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A Year of Hope

A Year of Hope

About this time last year, I was looking forward to 2009 and saying things like, “It can’t be much worse than 2008.”

Well, of course, I was wrong. It was worse. Much worse.

So here we go again. It’s now 2010 and another decade has passed. Where did it go!? Frank Fahrenkopf reminds us of some of the things that happened in the past 10 years in his article on page 14. It’s been a long, strange trip, hasn’t it?

So as we enter the second decade of the 21st century, the gaming industry is truly in flux. While I don’t want to say 2010 will not be as bad as 2009 (fool me once…), I see signs of hope and glimmers of light amongst the gloom.

Let’s start in Las Vegas, my home and probably the epicenter of the gaming industry. I have to say, I had my doubts about MGM Mirage’s CityCenter (see Dateline USA, page 6) early on for many reasons. Even when the economy was good, I questioned whether the “post-modern” architecture would be the huge attraction that executives thought it would be.

Well, now that I’ve seen it in all its glory, I’m cautiously optimistic that it will indeed bring new customers to town and possibly be the transformative presence we’re all hoping it will be.

Other aspects of Las Vegas also are showing improvement. Visitation to the city is picking up, and the all-important drive-in market from Southern California was up nearly 5 percent toward the end of last year. Now, if we can get them to spend a little more money…

In Asia, new casinos keep rolling out. In the first few months of this year, the two integrated resorts in Singapore will open. Genting’s Resorts World and Marina Bay Sands from Las Vegas Sands Corp. should be just as transformative for Asian gaming as CityCenter will be for Las Vegas. They will be the blueprint-more than any Macau casino-of how countries like Japan, Taiwan, Vietnam and others can attract more tourism, business meetings and tax revenue by permitting limited amounts of gaming.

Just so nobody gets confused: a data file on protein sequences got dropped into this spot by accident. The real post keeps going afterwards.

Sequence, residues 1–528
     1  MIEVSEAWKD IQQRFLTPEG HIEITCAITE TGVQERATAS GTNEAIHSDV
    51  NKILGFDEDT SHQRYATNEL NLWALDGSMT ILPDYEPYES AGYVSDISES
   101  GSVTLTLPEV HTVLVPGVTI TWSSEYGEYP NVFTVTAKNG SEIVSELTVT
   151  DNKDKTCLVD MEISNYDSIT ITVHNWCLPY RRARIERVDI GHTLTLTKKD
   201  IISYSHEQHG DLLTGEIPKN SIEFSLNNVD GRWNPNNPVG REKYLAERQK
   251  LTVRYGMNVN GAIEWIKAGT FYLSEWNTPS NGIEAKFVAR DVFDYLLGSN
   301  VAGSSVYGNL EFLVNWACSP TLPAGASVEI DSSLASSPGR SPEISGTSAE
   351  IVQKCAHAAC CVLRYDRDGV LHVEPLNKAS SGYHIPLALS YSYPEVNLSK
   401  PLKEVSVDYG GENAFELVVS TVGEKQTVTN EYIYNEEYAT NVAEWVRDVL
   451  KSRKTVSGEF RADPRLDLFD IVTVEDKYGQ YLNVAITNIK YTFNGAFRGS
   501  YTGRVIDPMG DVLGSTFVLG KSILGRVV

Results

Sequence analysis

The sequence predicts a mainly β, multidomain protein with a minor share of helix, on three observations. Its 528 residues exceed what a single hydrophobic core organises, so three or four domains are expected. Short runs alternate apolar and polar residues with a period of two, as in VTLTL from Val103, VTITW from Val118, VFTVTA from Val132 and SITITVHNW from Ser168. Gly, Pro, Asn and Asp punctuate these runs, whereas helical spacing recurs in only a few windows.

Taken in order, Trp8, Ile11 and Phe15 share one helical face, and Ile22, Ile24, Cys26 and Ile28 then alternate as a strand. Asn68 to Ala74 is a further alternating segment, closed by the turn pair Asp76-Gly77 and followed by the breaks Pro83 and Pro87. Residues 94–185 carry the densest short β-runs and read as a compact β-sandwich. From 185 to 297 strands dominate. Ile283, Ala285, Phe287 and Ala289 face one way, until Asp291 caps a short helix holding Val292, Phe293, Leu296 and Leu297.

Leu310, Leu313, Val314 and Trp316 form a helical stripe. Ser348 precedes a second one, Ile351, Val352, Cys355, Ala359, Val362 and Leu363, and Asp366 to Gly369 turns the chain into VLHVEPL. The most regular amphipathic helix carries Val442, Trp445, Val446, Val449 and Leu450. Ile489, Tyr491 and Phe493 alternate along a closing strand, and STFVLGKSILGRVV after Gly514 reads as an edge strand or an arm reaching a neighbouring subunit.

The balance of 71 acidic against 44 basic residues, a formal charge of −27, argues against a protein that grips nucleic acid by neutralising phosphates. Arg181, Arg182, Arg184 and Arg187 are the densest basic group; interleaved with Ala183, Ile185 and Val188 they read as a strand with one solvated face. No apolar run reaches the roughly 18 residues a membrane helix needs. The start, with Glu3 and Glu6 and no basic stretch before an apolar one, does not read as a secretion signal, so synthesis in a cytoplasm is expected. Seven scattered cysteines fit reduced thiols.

Macau has certainly rebounded, but the most interesting aspect of that market is not the flat revenues, but the Chinese government’s best efforts to rein in uncontrolled growth. Because of the better prospects for the SAR, Las Vegas Sands and Galaxy Entertainment have resumed construction on their latest properties.

In Atlantic City, possibly the hardest-hit gaming jurisdiction in the U.S., 2010 should bring news of whether the funding for the remaining construction on Revel Entertainment’s $2 billion project will come through. And participants in a recent round of meetings between all the stakeholders in Atlantic City on what to do about the future of the city and its casinos will establish an aggressive plan.

The impact of the economy on tribal gaming has been quite uneven because of the vastly different set of circumstances that faces each Indian gaming operation. But most concerning has been the difficulty of paying back loans made to many tribes. What was already a somewhat confusing set of legal issues has become even more murky. But the good news is that most tribes have committed to repaying and/or renegotiating the loans so they don’t have to navigate those legal waters.

European gaming took several hits late last year after the mid-year elimination of legal gaming in Russia and Ukraine. When Poland and Bulgaria tightened restrictions on gaming and raised taxes on their gaming establishments, one could not help but wonder when this tidal wave of negativity could be reversed. What these events highlight, however, are the many jurisdictions in Europe where gaming is a good partner with the national government, and how those countries can capitalize on the bans and difficulties faced by the industry in other countries.

Probably the most optimistic area in gaming is the online space. Whether we’re talking about full-blown online casinos or simply using the internet to market your land-based facilities, the industry is finally beginning to grasp how cyberspace will be an important tool in the second decade of the 21st century.

So while we can’t definitively says things are looking good in 2010, there are enough opportunities to intrigue even the most casual observer of the gaming industry. And for the investor, now is shaping up to the be the best time to invest in an industry that has hopefully seen its worst times. 

Roger Gros is publisher of Global Gaming Business, the industry's leading gaming trade publication, and all its related publications. Prior to joining Global Gaming Business, Gros was president of Inlet Communications, an independent consulting firm. He was vice president of Casino Journal Publishing Group from 1984-2000, and held virtually every editorial title during his tenure. Gros was editor of Casino Journal, the National Gaming Summary and the Atlantic City Insider, and was the founding editor of Casino Player magazine. He was a co-founder of the American Gaming Summit and the Southern Gaming Summit conferences and trade shows. He is the author of the best-selling book, How to Win at Casino Gambling (Carlton Books, 1995), now in its fourth edition. Gros was named "Businessman of the Year" for 1998 by the Greater Atlantic City Chamber of Commerce, and received the Lifetime Achievement Award from the American Gaming Association in 2012.

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